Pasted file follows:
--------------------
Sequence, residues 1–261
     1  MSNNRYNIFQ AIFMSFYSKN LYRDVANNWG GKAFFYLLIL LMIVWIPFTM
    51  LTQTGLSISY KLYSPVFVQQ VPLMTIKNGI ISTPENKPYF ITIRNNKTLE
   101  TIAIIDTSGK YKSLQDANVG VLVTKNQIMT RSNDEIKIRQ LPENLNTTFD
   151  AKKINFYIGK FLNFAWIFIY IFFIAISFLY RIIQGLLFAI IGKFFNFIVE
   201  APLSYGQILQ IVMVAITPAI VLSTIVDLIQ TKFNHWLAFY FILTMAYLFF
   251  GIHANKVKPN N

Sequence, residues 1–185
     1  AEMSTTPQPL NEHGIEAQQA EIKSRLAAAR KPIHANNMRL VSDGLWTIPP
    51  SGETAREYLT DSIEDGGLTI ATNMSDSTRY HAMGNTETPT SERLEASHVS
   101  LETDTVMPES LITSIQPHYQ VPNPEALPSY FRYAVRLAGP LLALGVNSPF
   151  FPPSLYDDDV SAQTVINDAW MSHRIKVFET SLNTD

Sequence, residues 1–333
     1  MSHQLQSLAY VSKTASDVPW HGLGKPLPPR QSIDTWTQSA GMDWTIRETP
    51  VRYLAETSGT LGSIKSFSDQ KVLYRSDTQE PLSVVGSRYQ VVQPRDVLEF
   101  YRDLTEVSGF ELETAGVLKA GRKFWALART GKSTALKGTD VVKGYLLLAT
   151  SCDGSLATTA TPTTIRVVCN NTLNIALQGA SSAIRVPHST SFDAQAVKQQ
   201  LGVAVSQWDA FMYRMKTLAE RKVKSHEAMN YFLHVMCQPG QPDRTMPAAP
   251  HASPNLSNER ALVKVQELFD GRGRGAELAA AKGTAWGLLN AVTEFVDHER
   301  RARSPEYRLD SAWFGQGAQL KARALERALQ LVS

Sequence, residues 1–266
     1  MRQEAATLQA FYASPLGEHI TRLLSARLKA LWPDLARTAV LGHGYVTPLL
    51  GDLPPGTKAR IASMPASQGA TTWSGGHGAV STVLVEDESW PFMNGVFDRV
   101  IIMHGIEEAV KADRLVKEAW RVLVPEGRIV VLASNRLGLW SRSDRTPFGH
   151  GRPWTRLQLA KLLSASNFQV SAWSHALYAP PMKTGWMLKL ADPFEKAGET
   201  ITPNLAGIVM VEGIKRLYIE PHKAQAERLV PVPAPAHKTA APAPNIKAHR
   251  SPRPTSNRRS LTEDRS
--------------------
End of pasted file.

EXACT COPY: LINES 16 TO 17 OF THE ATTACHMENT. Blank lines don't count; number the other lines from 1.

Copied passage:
   101  YRDLTEVSGF ELETAGVLKA GRKFWALART GKSTALKGTD VVKGYLLLAT
   151  SCDGSLATTA TPTTIRVVCN NTLNIALQGA SSAIRVPHST SFDAQAVKQQ